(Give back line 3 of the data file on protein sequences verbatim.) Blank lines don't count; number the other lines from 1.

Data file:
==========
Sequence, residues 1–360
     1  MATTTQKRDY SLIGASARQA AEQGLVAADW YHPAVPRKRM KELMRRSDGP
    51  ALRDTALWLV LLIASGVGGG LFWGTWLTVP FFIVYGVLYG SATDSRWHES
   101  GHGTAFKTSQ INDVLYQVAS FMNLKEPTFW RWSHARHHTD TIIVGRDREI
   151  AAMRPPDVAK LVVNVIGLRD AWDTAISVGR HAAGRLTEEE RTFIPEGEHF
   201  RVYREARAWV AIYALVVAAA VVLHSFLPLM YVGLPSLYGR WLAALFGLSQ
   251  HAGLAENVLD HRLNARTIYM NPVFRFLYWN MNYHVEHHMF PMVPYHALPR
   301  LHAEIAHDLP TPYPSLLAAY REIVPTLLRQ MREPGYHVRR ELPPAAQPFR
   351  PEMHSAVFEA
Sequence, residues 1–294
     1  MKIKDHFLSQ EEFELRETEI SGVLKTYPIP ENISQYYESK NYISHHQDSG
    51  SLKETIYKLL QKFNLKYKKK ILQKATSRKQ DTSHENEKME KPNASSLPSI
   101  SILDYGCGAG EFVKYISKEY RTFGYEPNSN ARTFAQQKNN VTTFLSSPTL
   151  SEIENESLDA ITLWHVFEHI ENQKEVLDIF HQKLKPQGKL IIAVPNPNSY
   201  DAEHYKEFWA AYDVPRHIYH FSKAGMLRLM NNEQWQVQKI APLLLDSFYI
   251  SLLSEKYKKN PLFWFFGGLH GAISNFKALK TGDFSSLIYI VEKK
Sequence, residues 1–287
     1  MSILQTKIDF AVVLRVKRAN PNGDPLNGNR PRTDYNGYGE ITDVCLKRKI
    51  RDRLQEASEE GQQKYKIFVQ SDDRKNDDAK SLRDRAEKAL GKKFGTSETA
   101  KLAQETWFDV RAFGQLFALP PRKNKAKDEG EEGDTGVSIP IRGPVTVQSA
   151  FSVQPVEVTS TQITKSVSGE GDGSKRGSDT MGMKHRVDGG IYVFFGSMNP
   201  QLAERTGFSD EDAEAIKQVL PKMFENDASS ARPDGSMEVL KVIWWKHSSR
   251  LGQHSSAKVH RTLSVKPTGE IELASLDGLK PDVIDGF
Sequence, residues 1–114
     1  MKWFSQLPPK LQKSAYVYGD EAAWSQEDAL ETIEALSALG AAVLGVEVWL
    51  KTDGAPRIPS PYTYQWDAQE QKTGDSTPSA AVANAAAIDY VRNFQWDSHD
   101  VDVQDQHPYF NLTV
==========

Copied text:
    51  ALRDTALWLV LLIASGVGGG LFWGTWLTVP FFIVYGVLYG SATDSRWHES